The 10-county metro Atlanta region added 37,200 residents from April 2011 to April 2012, a reflection of the births, according to researchers. Before the recession struck, the region routinely added more than 100,000 people each year as newcomers flooded into the metro area.
Population growth and development are the main threats to forest land in the South. In a new study, federal forestry officials say Georgia and surrounding states can expect to lose 23 million acres of land over the next five decades—more than 20 percent. But it’s not only urbanization as a reason--weather patterns, bioenergy use and invasive species are also dangers.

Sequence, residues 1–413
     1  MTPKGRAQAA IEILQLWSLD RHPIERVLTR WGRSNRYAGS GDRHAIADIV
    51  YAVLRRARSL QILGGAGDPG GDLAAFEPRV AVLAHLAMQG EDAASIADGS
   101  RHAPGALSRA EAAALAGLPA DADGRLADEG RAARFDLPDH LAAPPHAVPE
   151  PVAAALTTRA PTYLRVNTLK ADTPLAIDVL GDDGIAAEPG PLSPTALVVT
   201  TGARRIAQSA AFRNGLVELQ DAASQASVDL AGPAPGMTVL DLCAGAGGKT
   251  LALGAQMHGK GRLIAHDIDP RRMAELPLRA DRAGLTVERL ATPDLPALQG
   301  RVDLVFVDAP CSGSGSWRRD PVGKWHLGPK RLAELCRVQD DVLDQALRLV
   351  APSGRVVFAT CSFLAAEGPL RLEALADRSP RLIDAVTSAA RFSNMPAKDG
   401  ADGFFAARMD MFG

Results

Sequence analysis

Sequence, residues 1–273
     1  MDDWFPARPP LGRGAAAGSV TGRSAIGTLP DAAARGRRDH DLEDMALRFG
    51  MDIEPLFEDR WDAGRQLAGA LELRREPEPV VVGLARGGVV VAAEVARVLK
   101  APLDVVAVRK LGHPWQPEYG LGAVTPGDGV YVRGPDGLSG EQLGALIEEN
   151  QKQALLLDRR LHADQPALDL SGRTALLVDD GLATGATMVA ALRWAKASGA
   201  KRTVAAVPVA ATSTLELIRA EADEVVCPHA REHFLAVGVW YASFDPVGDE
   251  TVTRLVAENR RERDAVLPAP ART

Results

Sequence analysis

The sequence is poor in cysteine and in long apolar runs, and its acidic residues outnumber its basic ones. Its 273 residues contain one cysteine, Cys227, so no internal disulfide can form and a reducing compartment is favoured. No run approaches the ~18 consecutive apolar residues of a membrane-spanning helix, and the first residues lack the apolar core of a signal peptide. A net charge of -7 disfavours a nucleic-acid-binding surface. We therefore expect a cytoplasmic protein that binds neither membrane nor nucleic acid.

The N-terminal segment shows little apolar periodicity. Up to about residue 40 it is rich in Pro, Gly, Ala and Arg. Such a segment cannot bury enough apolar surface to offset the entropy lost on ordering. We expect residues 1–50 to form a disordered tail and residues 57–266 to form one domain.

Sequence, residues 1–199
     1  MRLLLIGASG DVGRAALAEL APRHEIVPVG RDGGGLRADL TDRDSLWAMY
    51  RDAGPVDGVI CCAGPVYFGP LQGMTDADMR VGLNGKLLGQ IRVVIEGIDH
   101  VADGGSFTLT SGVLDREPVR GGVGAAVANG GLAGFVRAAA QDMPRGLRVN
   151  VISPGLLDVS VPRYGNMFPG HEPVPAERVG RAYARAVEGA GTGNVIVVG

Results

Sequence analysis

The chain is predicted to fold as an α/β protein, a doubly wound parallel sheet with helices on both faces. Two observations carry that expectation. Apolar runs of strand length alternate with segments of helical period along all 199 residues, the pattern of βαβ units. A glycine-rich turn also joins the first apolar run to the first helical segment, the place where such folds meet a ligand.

Newly released census data showed that most of Georgia's 1.5 million increase in population came in metro Atlanta and north Georgia. But rural population is shrinking in southwest Georgia. Hispanics grew to nearly 9 percent of the state’s population and African-Americans grew to 31 percent.